Over the years, I’ve taken thousands of scoliosis X-rays. In that time, I’ve honed the ability to interpret them with precision and accuracy, and this ability means being able to craft a more customized and effective treatment plan.
We use scoliosis X-rays in a variety of ways throughout the treatment process. We use them first to diagnose a condition and place it on the severity scale. Then we use them to assess the patient’s condition from a variety of angles; we do this so we can see what’s happening with the spine from every angle.
In terms of treatment, we use scoliosis X-rays to monitor the condition’s progression or progress, as the case may be, apply specific chiropractic adjustments, and prescribe helpful exercises. We do all this to gauge how the patient’s condition is responding to the chosen treatment approach and make adjustments as needed.
The Cobb angle is the most accepted method for measuring a scoliosis curvature. It’s taken during a scoliosis X-ray and expresses the degree to which the spine bends, curves, and rotates away from a straight alignment. It’s measured by finding the vertebrae (spinal bones) with the most tilt in each curve.
To take the measurement, lines are drawn at the top of the superior tilted vertebra and the base of the inferior tilted vertebra. Next, two additional lines are drawn at a 90-degree perpendicular angle to the first lines so they intersect.
The angle produced is measured and expressed in numerical degrees. Once the Cobb angle measurement is determined, the condition can be placed on a severity scale from mild to severe:
Generally, a minimum Cobb angle measurement of 10 degrees is required to reach a scoliosis diagnosis. The Cobb angle is an essential piece of information in terms of both classifying and treating a patient’s condition.
While a Cobb angle measurement is an essential piece of information, there are some key points any proactive patient, or their caregivers should be aware of.
As previously mentioned, a Cobb angle is not the only piece of information needed to come up with a comprehensive individualized treatment plan. A Cobb angle measurement on its own doesn’t paint a complete picture of what’s happening with the spine on all 3 dimensions because it’s a measurement taken of a 2-dimensional space.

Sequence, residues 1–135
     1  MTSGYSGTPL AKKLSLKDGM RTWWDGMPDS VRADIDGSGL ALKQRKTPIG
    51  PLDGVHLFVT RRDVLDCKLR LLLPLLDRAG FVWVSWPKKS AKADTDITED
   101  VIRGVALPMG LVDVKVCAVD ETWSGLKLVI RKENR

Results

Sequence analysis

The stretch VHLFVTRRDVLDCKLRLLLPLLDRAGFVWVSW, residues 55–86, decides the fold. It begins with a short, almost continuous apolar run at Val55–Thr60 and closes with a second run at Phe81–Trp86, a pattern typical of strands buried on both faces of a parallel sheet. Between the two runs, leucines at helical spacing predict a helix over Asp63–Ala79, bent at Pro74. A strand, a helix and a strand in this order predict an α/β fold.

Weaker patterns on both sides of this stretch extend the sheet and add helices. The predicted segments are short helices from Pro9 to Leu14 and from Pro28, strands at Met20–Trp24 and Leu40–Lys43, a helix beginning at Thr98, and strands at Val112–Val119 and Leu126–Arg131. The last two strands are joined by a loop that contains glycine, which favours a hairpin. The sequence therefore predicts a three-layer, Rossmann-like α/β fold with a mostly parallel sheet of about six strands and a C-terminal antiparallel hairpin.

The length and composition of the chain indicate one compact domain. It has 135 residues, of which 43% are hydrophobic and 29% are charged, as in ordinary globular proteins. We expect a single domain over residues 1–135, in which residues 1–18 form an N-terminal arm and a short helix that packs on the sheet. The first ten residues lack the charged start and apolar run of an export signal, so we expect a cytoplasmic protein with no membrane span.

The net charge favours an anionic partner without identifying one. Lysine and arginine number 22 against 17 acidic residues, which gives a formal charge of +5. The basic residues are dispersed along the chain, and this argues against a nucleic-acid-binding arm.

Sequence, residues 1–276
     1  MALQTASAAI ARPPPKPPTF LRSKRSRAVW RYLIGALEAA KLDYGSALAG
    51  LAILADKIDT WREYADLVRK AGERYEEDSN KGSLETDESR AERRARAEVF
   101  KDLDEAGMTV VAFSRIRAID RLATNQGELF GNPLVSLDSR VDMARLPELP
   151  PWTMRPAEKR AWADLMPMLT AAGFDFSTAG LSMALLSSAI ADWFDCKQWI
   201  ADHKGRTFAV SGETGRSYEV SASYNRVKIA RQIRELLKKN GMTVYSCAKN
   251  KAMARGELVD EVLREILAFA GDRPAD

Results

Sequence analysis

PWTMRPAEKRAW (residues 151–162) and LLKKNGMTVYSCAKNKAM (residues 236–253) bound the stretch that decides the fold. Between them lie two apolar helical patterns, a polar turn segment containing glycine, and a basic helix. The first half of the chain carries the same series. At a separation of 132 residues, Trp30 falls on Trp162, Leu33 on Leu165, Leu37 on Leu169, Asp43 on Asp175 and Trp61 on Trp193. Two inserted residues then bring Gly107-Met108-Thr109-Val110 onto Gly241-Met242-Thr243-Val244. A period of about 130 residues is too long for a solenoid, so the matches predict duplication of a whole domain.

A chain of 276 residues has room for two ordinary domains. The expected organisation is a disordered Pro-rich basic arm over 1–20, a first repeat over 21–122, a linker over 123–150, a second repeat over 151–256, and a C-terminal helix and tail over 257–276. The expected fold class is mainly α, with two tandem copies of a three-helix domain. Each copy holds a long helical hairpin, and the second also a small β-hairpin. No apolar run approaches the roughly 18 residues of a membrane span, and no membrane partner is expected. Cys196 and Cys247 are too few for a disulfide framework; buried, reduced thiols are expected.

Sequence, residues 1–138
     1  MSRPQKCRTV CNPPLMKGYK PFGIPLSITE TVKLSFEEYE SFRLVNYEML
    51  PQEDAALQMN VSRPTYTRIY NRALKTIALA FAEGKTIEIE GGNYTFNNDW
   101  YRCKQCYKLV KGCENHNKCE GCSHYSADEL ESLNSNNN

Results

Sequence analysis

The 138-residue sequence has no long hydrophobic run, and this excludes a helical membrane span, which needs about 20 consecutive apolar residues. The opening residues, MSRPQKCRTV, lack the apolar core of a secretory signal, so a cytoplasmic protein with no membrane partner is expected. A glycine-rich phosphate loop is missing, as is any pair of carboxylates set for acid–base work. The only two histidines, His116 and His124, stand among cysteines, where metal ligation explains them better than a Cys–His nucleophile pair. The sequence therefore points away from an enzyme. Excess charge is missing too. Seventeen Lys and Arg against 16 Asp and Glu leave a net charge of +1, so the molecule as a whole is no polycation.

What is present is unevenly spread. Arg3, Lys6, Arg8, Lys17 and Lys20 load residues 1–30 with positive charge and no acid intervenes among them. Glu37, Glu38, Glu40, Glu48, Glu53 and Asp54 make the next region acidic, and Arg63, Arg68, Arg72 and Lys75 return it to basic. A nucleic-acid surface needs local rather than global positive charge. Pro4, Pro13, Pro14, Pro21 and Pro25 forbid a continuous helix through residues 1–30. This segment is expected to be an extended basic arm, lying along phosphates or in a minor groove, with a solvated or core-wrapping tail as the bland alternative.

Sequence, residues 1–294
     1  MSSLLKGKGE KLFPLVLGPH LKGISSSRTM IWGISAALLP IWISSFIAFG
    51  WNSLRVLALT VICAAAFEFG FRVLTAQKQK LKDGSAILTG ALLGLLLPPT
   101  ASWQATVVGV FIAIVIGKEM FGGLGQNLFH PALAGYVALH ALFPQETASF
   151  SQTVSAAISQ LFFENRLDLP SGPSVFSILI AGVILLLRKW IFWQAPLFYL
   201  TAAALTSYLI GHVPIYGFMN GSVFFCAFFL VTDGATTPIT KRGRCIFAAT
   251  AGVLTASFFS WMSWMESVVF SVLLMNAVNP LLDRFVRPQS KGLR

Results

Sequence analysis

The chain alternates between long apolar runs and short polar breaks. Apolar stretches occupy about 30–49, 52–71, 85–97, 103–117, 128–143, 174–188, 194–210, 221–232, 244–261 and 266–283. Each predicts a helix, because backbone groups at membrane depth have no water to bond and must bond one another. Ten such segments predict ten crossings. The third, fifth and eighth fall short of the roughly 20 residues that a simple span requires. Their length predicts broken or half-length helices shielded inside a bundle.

A Cobb angle measurement that’s combined with the results of X-ray images taken from multiple angles is what’s necessary to comprehensively understand a patient’s condition in a 3-dimensional manner.
A Cobb angle measurement can vary based on which vertebrae are used to take it. Don’t be afraid to confirm with your doctor that the same vertebrae are used every time the Cobb angle is being assessed.
There are also differences in how one doctor draws the measurement lines compared to another, and this can alter the final Cobb angle measurement. If two X-rays are being compared, especially if taken by different doctors, a variation could be due to the differences in how the doctors took the measurements, rather than an actual change to the spine.
The Cobb angle measurement is an important piece of information when it comes to deciding how to move forward with treatment; as such, patients and their caregivers should be informed on the right questions to ask to ensure the most precise possible measurements are being used to determine the best treatment path.
Measuring the degree to which a patient’s spine bends, twists, and rotates away from a straight alignment is important for multiple reasons.
Firstly, the Cobb angle measurement tells us how severe a patient’s curvature is. Secondly, it tells us where the condition places on the severity scale. Thirdly, it helps us classify the condition so we can best treat it.
In addition to the Cobb angle, a scoliosis curvature has to be assessed from a variety of angles; this is important because X-ray images are measurements taken of a 2-dimensional space, but scoliosis is a 3-dimensional condition.
When interpreted comprehensively by a scoliosis expert, a scoliosis X-ray can tell us everything we need to know to move forward in treating the patient’s condition. For that reason, here at the Scoliosis Reduction Center, we use only the latest and greatest in X-ray technology.